Four Poems | Michael Brockley

Best of Cream

Linda borrowed my Best of Cream album, the one with an eggplant and a pumpkin on the cover, the same day she told me I kissed like a dish cloth. The next day she rode shotgun with a grad student who careened his corona-red Firebird through stoplights while blasting Earth, Wind, and Fire on his eight-track cassette player. Naive to the erotic bloodlines of the blues, I didn’t know who this rider beside me was, but “Crossroads” was my favorite of the power trio’s greatest hits. I ached to fall down on my knees for love. She memorized Cream’s “Spoonful” with the fighting and dying parts I didn’t understand. But to Linda, adrenaline mainlined through her body in the front seat of a car named for a resurrection bird. And the man with his “September” serenade bedazzled her with revolution and a cement-block room in an apartment beside a jigsaw puzzle of railroad tracks. She never spoke of Ginger Baker or Jack Bruce. Never mentioned Slow Hand. But sang Love was changing the minds of pretenders while we walked home from the grocery store where she denied I was her main squeeze to the check-out clerk. Earlier that summer she danced with the moon while the Temptations wooed her from my Zenith Circle of Sound. We speculated about life on UFOs. And ate a Royal Feast pizza while the jukebox thrashed its heavy metal seizure. She didn’t return my album. But she was the first to leave a grief stone on the dime store altar I’d set aside for love. Now, whenever I approach an intersection at midnight, I search, with growing desperation, for a stranger in a white suit. When we meet, I will sign, in triplicate, any flimflam guarantee he pulls from his scorched briefcase, knowing in advance all the double crosses I will endure, if I can fall to my knees for any facsimile of love.


Make-Believe Love Poem for Abby and Santi

Santi travels from the bilberry orchards through Paraguay and Spain to where Abby samples rose wines in van Gogh’s night cafe. She reads Little Orphant Annie to the kindergarteners in the morning and chronicles the six-word biographies of wheat-field crows in the afternoon. Santi’s journey wends through Bedford Falls on Christmas Eve, through Pleasantville on the evening before Technicolor arrives, and through Punxsutawney on Phil Conner’s penultimate Groundhog Day. Santi is the sort of man who keeps the nail heads flattened atop wooden surfaces. His Volkswagens ride like Porsches. Abby tells the bare chested Zoosk men with their mottled fish upheld, like a lantern, that the art of conversation is dead. But Santi hitchhikes from Asbury Park through Johnstown and Erie to a city where the groomsmen are wedded in turquoise tuxedos and the brides in gowns woven from goldenrods. Santi thinks before he speaks of his practical labors, of his expertise with algorithms and defaults. Abby promises to name their son after a prophet or a wrestler. She wears black shawls and likes men who are tall, dark, and handsome. Santi keeps the bottled water cold and every times he comes home, he arrives for the first time.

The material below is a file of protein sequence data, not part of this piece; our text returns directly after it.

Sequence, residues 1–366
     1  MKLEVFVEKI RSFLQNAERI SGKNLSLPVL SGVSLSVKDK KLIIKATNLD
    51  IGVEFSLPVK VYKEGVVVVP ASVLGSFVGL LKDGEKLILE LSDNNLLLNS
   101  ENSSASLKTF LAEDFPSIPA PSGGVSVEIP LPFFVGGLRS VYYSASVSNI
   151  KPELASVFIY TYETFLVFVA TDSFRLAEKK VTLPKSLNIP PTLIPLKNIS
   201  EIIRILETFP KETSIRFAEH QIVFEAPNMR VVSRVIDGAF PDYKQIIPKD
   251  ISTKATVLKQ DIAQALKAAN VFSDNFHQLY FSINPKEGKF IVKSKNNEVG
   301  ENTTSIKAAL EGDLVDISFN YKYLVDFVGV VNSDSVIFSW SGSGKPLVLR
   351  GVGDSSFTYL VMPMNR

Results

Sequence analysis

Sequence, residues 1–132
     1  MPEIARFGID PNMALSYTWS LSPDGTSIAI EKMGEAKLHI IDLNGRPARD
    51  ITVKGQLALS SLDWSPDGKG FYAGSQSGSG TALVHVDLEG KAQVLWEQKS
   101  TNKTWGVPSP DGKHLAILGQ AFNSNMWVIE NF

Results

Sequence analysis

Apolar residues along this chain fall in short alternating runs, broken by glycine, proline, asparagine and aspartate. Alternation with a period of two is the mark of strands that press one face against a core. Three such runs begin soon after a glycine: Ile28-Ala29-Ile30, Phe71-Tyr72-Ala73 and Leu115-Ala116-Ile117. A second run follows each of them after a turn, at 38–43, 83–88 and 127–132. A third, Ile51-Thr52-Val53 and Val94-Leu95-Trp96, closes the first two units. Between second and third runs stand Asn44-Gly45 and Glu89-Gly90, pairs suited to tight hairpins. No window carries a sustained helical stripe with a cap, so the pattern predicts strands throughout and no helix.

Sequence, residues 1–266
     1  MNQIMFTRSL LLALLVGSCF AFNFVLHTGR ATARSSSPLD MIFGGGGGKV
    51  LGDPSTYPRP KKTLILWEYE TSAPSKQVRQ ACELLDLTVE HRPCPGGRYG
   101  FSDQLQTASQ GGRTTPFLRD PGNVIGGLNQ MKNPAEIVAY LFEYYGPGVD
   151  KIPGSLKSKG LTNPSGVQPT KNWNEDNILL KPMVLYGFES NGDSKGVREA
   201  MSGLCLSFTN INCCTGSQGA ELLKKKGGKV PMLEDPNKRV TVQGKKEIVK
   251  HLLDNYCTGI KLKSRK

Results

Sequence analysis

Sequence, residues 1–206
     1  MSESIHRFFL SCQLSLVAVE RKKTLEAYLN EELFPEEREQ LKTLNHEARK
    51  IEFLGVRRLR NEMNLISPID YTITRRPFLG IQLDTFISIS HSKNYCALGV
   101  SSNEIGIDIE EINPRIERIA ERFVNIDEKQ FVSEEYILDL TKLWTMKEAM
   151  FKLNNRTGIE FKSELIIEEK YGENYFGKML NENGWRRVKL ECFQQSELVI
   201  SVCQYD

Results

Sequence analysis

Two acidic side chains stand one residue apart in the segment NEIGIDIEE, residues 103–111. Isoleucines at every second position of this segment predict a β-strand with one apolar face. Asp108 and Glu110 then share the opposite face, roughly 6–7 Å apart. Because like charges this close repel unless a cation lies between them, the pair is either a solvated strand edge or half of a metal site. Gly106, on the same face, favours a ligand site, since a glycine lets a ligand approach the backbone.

I take three deep breaths before starting along a path lined by purple zinnias and autumn’s last tithonias. The meadow around me echoes with a voice that says, “You’re welcome.” I carry a blank book in my arms and wonder how I can save elephants and rhinoceroses. One of the rooms in my house at the end of the path is an arboretum of poets whose poems I have cherished. They recite their masterpieces to each other, and I slip in among them, eager to hear their latest work. I hear all of them reading together as if creating a hymn. Some of the words rise to the rafters while others cluster at my feet, like a pack of weaned pups. I drink the milk my guide served me, and sample the strawberry-rhubarb pie.


Self-Portrait, with Sadie

for A. H.


It’s true that I felt taller then. I walked her around the obedience rink on a loose leash. She knew my muscles and their limitations better than I knew myself. Leaped to the commands as if she had authored the standards. She whispered to me. Sometime during that first year, I removed the choker collar and found a token to fasten around her neck, a strap of nylon for her ID tag. I wore khaki shorts during our lessons. For the nerdish pockets that acted as a chucklehead badge. A Gus Macker t-shirt and a gray baseball cap with a white German shepherd silkscreened across the crown. I fumbled the leads, starting on the wrong foot. But always with rewards and praise. She took the kibble from my fingers as if she had been suckled on tenderness. I didn’t know a white German shepherd could grow deaf with age. Or how keen the bond we formed could grow. In the winter of her years she roamed the distance of our backyard, and came without recall if my shadow cast its wishes across the Indiana dusk. I played the leash out before me during our last walk along the Cardinal Greenway. Sadie pranced before the passing dogs, but always turned to share her pride. As if making sure we walked toward the horizon together.

Photo by Daiga Ellaby on Unsplash


Michael Brockley is a retired school psychologist who lives in Muncie, Indiana where he is looking for a dog to adopt. His poems have appeared in The Pine Cone Review, The Parliament Literary Journal, and Visiting Bob: Poems Inspired by the LIfe and Work of Bob Dylan.

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